28 December 2014
Last updated at 12:01
David Ryall had a long and wide-ranging career across film, TV and theatre
Actor David Ryall, known for playing Elphias Doge in the Harry Potter Deathly Hallows film, has died aged 79.
The actor passed away on Christmas Day but no more information has been given.
Ryall had a five-decade career across film, TV and theatre, including in movie The Elephant Man and on TV, The Village and Outnumbered.
Daughter Charlie Ryall said: “Please take a moment to remember his huge five-decade-spanning career outside of the more well-known TV film.”
In a tweet, Sherlock writer Mark Gatiss called Ryall “a twinkling, brilliant, wonderful actor I was privileged to call a friend. RIP”.
Gatiss directed Ryall in TV movie The Tractate Middoth in 2013.
David Ryall played the grandfather in Outnumbered
Ryall replaced Peter Cartwright as Elphias Doge in 2010’s Harry Potter and the Deathly Hallows Part 1.
His character was a close friend of Albus Dumbledore in addition to being a Ministry of Magic jurist and an Order of the Phoenix member.
His other film roles included parts in 2004’s Around the World in 80 Days, 1990’s Truly, Madly, Deeply and 1980’s The Elephant Man.
On TV, character actor Ryall appeared in many well-known shows including The Singing Detective, Holby City, Casualty, Midsomer Murders, Goodnight Sweetheart and the Andrew Davies version of House Of Cards.
Most recently, he was perhaps best known as Frank, the grandfather who suffers from dementia, in BBC comedy Outnumbered.
He is also recognisable to TV viewers as Britain’s oldest man Old Bert, the narrator of BBC One’s The Village, who recalls his life through a series of flashbacks.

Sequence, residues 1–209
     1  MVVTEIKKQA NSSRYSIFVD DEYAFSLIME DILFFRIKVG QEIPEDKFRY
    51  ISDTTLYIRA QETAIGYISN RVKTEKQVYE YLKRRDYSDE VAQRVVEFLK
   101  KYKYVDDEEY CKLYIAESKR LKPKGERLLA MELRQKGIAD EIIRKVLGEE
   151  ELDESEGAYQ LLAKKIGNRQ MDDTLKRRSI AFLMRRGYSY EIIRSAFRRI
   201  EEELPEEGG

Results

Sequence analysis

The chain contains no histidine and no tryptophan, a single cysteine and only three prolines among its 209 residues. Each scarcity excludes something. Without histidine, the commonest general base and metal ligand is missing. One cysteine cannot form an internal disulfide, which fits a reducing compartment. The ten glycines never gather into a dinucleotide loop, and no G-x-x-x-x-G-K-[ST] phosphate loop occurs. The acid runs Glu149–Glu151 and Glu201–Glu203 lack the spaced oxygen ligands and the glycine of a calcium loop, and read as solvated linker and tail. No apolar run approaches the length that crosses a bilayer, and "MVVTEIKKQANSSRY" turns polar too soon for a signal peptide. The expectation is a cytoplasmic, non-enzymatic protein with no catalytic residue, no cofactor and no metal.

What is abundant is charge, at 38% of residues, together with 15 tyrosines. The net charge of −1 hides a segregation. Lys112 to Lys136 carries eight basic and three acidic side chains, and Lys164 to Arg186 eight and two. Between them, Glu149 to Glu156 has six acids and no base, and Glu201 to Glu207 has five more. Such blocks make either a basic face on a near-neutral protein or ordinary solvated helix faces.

He also appeared in the Sky One comedy Trollied and in BBC drama Our Girl.
He played alongside Diana Rigg in 1997’s TV drama Celluloid Dreams
On Twitter, fans and colleagues of the actor paid tribute.
“So very sad to read of the death of actor David Ryall may he RIP,” said Colette Mayer.
TV writer David Brown said: “RIP David Ryall – one of the best Inspector Morse baddies. Derek Whittaker – driving test psycho who tried to knife Morse.”
Actor Clive Merrison added: “I’m so sorry to hear David Ryall has died. He was a wonderful actor and a dear colleague.”
Ryall began his career on the stage before becoming a familiar face on British TV.
He received a scholarship to the Royal Academy of Dramatic Art in 1962, during which time he won the Caryl Brahams Award for a musical.
Ryall went on to join Laurence Olivier’s company with the National Theatre, during which time he was involved in several well-known plays, such as Tom Stoppard’s Rosencrantz and Guildenstern Are Dead.
His work at the National Theatre also included Guys and Dolls, The Beggar’s Opera and Animal Farm, Coriolanus, The School of Wives, Democracy and The UN Inspector.
Ryall continued to be a regular face in the theatre, with appearances in Patrick Marber’s Don Juan in Soho at the Donmar Warehouse in 2007.
Ryall is survived by his son, music manager Jonathan Ryall, and two daughters, singer Imogen Ryall and actress Charlie Ryall.